Maslow’s hierarchy of needs

Home | The MachineryMental faculties |

Evolutionary Psychology and Maslow’s Model of Motivation

Abraham Maslow developed his hierarchy of human needs or motivational model, which says that humans are driven by different needs at different stages of their life, and that there is an upward progression.  In his diagram below I have also added on the right-hand side some arrows showing how the levels correspond to our physical, emotional, mental and spiritual aspects.

Maslow

The model states that we have to meet our basic physiological and safety needs first (food and drink, sleep, sex, somewhere to live).  Then comes the emotional needs of love and belonging, and attaining status in society.  Next are the mental needs such as creativity and art and other mental pursuits.  Finally, the self-actualisation (being “all that one can be“, which may be as a parent or a successful sports-person, or as an artist or a politician, etc.), and transcendence as the highest spiritual goal beyond oneself.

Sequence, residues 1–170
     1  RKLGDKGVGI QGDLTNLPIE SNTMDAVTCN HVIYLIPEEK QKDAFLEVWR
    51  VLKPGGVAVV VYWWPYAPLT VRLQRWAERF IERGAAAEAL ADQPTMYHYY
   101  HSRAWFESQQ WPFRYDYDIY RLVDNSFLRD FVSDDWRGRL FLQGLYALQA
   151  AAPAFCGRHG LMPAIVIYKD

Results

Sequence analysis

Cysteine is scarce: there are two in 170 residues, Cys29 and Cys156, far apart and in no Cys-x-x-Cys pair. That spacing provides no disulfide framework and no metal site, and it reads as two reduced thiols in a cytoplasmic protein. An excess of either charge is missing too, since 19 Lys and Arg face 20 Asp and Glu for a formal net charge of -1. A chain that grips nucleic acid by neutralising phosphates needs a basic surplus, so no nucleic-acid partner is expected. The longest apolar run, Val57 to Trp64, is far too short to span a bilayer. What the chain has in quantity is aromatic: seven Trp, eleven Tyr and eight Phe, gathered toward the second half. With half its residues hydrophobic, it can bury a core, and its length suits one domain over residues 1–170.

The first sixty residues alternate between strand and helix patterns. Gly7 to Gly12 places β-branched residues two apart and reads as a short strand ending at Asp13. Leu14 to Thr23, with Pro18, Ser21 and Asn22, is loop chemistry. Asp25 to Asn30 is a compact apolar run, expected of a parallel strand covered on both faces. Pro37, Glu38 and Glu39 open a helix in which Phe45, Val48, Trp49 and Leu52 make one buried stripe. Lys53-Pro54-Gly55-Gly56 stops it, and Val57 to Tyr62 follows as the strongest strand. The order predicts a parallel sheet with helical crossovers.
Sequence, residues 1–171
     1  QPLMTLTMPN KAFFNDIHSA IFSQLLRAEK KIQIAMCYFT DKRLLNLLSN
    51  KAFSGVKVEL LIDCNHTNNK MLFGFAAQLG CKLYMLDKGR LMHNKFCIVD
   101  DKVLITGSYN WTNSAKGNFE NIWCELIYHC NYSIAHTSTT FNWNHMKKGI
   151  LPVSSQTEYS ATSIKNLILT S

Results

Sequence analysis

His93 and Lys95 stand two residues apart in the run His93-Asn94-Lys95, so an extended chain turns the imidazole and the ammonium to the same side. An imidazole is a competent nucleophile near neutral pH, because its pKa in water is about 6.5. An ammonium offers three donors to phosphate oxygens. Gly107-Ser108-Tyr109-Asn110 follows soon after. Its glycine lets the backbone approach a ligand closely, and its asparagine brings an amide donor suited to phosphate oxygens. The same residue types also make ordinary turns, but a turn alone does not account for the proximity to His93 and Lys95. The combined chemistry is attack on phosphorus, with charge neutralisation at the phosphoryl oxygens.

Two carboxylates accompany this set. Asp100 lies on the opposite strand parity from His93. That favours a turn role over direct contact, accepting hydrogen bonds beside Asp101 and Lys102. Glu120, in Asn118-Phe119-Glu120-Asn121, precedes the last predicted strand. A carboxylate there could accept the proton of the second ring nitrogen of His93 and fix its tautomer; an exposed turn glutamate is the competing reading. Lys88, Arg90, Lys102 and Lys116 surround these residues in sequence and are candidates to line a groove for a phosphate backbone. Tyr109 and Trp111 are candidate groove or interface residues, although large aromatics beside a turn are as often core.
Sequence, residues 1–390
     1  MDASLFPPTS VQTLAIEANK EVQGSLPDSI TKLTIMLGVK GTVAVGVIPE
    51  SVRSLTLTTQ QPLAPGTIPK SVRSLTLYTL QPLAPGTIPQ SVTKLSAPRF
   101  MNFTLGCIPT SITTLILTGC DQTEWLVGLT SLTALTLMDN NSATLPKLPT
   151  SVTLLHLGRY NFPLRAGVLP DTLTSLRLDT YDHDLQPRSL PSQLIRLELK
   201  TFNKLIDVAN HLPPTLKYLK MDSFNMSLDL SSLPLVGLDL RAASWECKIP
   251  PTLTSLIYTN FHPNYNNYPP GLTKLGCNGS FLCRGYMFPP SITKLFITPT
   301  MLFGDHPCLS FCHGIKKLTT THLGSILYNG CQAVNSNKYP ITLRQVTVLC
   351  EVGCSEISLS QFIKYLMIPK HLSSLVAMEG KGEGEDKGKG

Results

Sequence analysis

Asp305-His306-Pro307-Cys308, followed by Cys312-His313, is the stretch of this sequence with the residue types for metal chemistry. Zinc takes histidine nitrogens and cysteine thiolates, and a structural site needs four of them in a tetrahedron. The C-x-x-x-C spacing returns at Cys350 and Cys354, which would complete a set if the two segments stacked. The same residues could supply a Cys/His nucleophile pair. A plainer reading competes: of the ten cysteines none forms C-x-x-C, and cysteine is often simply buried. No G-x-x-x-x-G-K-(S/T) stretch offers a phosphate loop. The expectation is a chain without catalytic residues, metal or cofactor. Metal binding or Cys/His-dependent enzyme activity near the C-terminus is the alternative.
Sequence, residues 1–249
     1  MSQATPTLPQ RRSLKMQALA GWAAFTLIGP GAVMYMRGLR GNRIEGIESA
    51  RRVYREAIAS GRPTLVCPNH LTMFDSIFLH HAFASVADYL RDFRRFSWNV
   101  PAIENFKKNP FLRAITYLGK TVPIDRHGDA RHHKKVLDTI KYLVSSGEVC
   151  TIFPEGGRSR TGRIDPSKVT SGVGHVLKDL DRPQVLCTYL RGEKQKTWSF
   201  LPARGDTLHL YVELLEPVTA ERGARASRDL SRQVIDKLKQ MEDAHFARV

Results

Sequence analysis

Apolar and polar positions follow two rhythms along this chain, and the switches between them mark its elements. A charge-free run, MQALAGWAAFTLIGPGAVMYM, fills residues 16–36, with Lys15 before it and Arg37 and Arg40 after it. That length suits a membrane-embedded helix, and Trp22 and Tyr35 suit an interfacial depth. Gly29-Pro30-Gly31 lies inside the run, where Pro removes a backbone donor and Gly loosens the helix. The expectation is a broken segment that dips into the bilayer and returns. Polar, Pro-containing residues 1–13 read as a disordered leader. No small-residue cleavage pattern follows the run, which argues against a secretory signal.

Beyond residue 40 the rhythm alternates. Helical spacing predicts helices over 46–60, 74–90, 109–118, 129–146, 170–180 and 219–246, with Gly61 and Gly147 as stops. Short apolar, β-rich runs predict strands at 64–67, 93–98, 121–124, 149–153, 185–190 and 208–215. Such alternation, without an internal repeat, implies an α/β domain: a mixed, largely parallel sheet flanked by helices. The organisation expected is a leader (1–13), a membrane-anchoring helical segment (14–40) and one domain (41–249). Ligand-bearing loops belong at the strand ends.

Maslow’s model is widely taught, but it is not without its critics.  Some modern reformist psychologists want to remove the spiritual aspects and place sex on top as the main motivational factor in all human endeavours!  (I do not agree with this).

I refer back to the human brain model, and propose that the more one uses the prefrontal cortex, the higher one progresses through Maslow’s hierarchy of needs.  We can see the basic physical needs are controlled by the reptilian brain, the emotional needs of the limbic brain, and the higher mental and spiritual needs at the top of the pyramid corresponding to the use of the prefrontal cortex.